previous.gif     next.gif    

November 1965

Jimmy Castle Puerto Rican Novel

Jim Castle - son

Harold Castle - Prof.

Cap (ex- Ill. pol.) Jr. Barren Laplan

June Meek

Joseph McDevit


November 28, 1965 - Sunday afternoon

Renzo Sereno died in his bed last night, unattended. Miriam phoned me while I was carpentering. I telephoned Sebastian, who is in N. Y. Gone are 10,000 Latin phrases, 10,000 books learnt well, 7 languages, a ton of wit, endless conviviality of olden days, especially for Sebastian. How badly designed we humans are -- unless there is a limit to the knowable, for we deposit learning up to death, then our bank is blown to bits, while some poor infant is being born to struggle for his bits of information in turn.

R. S. was miserable in the last two years since his serious stroke in Florence and a few weeks ago, Miriam says, he began drinking more heavily and taking sedatives. he may, for all we know, have wished himself to die, even in a very direct sense.

I once sketched a plot for a story of a man of many talents, who underwent many accidents, each of which took away some part of him, leaving him freer to contemplate the universe and man, he lost limbs, beauty, mobility. Yet the passion for thought must be fierce in such a man. Else like Renzo, who never was happy with his thoughts and writing alone, he would become miserable in proportion as he obtained his true ambition of shutting off all avenues to supreme experience except the One.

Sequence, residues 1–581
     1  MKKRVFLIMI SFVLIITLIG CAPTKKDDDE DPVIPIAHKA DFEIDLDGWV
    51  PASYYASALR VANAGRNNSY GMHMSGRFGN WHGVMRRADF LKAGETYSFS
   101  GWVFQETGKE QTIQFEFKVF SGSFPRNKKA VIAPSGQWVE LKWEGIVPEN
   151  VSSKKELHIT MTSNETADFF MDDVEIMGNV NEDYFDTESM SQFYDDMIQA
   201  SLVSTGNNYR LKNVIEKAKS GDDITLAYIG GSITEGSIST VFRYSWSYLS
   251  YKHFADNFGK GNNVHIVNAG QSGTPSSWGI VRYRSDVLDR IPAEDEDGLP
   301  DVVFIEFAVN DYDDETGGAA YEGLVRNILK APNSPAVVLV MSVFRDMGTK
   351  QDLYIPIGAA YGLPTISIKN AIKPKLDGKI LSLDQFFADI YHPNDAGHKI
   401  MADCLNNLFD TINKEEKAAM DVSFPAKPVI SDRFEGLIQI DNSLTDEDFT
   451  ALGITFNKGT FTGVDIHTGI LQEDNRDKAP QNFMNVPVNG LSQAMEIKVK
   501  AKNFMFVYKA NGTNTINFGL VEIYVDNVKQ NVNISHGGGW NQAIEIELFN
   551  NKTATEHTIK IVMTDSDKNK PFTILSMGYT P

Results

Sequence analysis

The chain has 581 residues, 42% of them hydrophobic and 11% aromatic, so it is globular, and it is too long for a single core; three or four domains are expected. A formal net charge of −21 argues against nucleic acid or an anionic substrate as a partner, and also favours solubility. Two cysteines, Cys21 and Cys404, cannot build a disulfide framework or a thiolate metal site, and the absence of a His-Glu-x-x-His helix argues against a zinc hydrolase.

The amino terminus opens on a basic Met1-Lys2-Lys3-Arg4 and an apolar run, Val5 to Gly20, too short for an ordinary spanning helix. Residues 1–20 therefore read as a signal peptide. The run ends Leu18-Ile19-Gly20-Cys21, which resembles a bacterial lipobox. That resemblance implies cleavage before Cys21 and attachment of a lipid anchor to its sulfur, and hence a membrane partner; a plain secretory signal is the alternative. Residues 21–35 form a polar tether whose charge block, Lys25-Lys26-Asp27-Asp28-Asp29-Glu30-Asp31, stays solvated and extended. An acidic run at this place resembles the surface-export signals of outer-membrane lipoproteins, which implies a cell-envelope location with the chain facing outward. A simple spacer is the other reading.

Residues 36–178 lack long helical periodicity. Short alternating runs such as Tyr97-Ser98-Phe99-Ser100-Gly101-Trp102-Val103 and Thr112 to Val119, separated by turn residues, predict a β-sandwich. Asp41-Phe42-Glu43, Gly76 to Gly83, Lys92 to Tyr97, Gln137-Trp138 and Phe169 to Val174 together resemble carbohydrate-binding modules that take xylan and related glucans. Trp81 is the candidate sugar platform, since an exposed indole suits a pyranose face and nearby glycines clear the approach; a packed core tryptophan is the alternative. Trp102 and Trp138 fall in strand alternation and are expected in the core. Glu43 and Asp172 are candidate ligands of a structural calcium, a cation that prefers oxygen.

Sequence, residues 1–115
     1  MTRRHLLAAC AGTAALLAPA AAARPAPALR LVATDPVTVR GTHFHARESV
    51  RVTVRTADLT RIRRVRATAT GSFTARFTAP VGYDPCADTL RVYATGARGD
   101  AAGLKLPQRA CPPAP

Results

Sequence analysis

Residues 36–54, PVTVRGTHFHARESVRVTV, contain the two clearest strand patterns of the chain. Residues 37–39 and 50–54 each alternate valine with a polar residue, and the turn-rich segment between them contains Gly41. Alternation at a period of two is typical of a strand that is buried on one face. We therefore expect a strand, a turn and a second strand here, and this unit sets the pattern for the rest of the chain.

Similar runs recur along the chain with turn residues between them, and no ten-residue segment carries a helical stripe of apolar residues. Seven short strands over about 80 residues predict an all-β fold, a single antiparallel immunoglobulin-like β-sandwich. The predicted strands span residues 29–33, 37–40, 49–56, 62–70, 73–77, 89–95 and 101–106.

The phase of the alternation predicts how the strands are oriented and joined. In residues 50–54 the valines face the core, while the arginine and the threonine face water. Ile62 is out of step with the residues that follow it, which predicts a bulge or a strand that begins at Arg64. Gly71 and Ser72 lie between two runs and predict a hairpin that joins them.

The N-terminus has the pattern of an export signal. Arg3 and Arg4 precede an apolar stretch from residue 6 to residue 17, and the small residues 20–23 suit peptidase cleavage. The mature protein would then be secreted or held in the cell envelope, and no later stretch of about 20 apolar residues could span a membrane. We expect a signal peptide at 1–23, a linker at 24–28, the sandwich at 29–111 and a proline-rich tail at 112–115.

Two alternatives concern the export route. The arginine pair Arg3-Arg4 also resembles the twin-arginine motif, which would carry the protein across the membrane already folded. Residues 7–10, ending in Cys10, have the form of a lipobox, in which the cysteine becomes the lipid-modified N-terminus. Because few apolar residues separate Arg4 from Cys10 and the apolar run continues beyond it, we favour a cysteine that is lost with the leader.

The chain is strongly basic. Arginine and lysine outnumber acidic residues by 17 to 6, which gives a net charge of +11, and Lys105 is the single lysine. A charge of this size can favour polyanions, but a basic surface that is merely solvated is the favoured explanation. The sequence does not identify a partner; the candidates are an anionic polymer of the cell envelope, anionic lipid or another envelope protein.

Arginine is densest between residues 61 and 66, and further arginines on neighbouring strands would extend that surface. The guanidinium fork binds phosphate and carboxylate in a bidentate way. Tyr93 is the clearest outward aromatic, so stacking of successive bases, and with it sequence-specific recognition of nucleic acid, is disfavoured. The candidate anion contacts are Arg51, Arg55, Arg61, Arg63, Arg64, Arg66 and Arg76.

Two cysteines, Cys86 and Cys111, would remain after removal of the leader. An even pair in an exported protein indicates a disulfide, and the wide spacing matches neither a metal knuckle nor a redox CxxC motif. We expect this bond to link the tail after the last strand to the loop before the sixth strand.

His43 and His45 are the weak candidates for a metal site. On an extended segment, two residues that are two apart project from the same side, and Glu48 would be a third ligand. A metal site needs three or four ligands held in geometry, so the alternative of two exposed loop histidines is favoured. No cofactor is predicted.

November 28, 1965 evening

A basic defect of novel-writing is the need to express the plot and characters in absolutes because

1) Audience wouldn't understand anything else.

2) Author doesn't know anything else.

3) Any other way is dull to the audience.

Wherefore --

4) Novels are often net losses to the morals of society. they overteach or underteach or miseducate.

5) Cheap authors, stupid authors can get by while intelligent (or honest) ones fail.

6) And as the most noticeable sub-consequence of most of the foregoing novels are stuck to horribly distorted plots -- i. e. people have to be murdered; women raped; boys perverted; societies dictatorially operated; priests utterly corrupted; persons subjected to terrible accidents by car, rope, fire or water, worlds ended, etc.

7) The circle forms into a vicious one -- i. e. author succeeds because corrupt, and corrupts audience, which does same to author, ad infinitum, and

8) Fiction is forever "unscientific"; untypical and being untypical has to misteach.

(November 1965)